'Am I right in thinking that after we all went off to dance last night you talked about me?'
'Part of the time.'
'I thought that was why Uncle Bob had been pressed to come to dinner. He hates going out.'
'It appears that you've got the offer of a very good job.'
'A wonderful job.'
'Are you going to take it?'
'I don't think so.'
'I don't want to.'
I was butting into an affair that was no concern of mine, but I had a notion that just because I was a stranger from a foreign country Larry was not disinclined to talk to me about it.
'Well, you know when people are no good at anything else they become writers,' I said, with a chuckle.
'I have no talent.'
'Then what do you want to do?'
He gave me his radiant, fascinating smile.
'Loaf,' he said.
I had to laugh.
'I shouldn't have thought Chicago the best place in the world to do that in,' I said. 'Anyhow, I'll leave you to your reading. I want to have a look at the Yale Quarterly.'
I got up. When I left the library Larry was still absorbed in William James's book. I lunched by myself at the club and since it was quiet in the library went back there to smoke my cigar and idle an hour or two away, reading and writing letters. I was surprised to see Larry still immersed in his book. He looked as if he hadn't moved since I left him. He was still there when about four I went away. I was struck by his evident power of concentration. He had neither noticed me go nor come. I had various things to do during the afternoon and did not go back to the Blackstone till it was time to change for the dinner party I was going to. On my way I was seized with an impulse of curiosity. I dropped into the club once more and went into the library. There were quite a number of people there then, reading the papers and what not. Larry was still sitting in the same chair, intent on the same book. Odd!
Next day Elliott asked me to lunch at the Palmer House to meet the elder Maturin and his son. We were only four. Henry Maturin was a big man, nearly as big as his son, with a red fleshy face and a great jowl, and he had the same blunt aggressive nose, but his eyes were smaller than his son's, not so blue and very, very shrewd. Though he could not have been much more than fifty he looked ten years older and his hair, rapidly thinning, was snow-white. At first sight he was not preposessing. He looked as though for many years he had done himself too well, and I received the impression of a brutal, clever, competent man who, in business matters at all events, would be pitiless. At first he said little and I had a notion that he was taking my measure. I could not but perceive that he looked upon Elliott as something of a joke. Gray, amiable and polite, was almost completely silent, and the party would have been sticky if Elliott, with his perfect social tact, hadn't kept up a flow of easy conversation. I guessed that in the past he had acquired a good deal of experience in dealing with Middle Western businessmen who had to be cajoled into paying a fancy price for an old master. Presently Mr Maturin began to feel more at his ease and he made one or two remarks that showed he was brighter than he looked and indeed had a dry sense of humour. For a while the conversation turned on stocks and shares. I should have been surprised to discover that Elliott was very knowledgeable on the subject if I had not long been aware that for all his nonsense he was nobody's fool. It was then that Mr Maturin remarked:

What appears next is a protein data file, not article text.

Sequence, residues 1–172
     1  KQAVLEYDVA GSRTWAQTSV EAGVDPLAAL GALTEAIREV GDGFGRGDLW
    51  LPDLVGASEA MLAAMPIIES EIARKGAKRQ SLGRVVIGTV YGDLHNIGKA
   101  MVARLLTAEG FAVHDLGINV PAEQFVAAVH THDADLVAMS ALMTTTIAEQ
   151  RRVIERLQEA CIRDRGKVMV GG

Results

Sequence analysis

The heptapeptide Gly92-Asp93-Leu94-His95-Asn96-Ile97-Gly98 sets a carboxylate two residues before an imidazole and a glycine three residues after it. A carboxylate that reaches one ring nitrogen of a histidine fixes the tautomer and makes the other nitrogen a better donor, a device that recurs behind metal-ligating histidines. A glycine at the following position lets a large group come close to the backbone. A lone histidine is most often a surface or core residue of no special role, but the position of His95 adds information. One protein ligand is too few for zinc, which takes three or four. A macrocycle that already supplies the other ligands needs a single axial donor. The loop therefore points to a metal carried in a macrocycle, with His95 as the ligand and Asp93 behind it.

'I had a letter from Gray's friend Larry Darrell this morning.'
'You didn't tell me, Dad,' said Gray.
Mr Maturin turned to me.
'You know Larry, don't you?' I nodded. 'Gray persuaded me to take him into my business. They're great friends. Gray thinks the world of him.'
'What did he say, Dad?'
'He thanked me. He said he realized it was a great chance for a young fellow and he'd thought it over very carefully and come to the conclusion he'd have been a disappointment to me and thought it better to refuse.'
'That's very foolish of him,' said Elliott.
'It is,' said Mr Maturin.
'I'm awfully sorry, Dad,' said Gray. 'It would have been grand if we could have worked together.'
'You can lead a horse to the water, but you can't make him drink.'
Mr Maturin looked at his son while he said this and his shrewd eyes softened. I realized that there was another side to the hard businessman; he doted on this great hulking son of his. He turned to me once more.
'D'you know, that boy did our course in two under par on Sunday. He beat me seven and six. I could have brained him with my niblick. And to think that I taught him to play golf myself.'
He was brimming over with pride. I began to like him.
'I had a lot of luck, Dad.'
'Not a bit of it. Is it luck when you get out of a bunker and lay your ball six inches from the hole? Thirty-five yards if it was an inch, the shot was. I want him to go into the amateur championship next year.'
'I shouldn't be able to spare the time.'
'I'm your boss, ain't I?'
'Don't I know it! The hell you raise if I'm a minute late at the office.'
Mr Maturin chuckled.
'He's trying to make me out a tyrant,' he said to me. 'Don't you believe him. I'm my business, my partners are no good, and I'm very proud of my business. I've started this boy of mine at the bottom and I expect him to work his way up just like any young fellow I've hired, so that when the time comes for him to take my place he'll be ready for it. It's a great responsibility, a business like mine. I've looked after the investments of some of my clients for thirty years and they trust me. To tell you the truth, I'd rather lose my own money than see them lose theirs.'